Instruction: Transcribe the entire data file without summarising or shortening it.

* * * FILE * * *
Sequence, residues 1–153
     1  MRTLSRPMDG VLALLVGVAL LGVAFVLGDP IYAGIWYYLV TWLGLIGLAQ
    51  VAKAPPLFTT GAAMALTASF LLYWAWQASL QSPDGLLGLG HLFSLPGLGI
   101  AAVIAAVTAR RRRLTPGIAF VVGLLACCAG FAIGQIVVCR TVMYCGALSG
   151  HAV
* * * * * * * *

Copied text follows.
Sequence, residues 1–153
     1  MRTLSRPMDG VLALLVGVAL LGVAFVLGDP IYAGIWYYLV TWLGLIGLAQ
    51  VAKAPPLFTT GAAMALTASF LLYWAWQASL QSPDGLLGLG HLFSLPGLGI
   101  AAVIAAVTAR RRRLTPGIAF VVGLLACCAG FAIGQIVVCR TVMYCGALSG
   151  HAV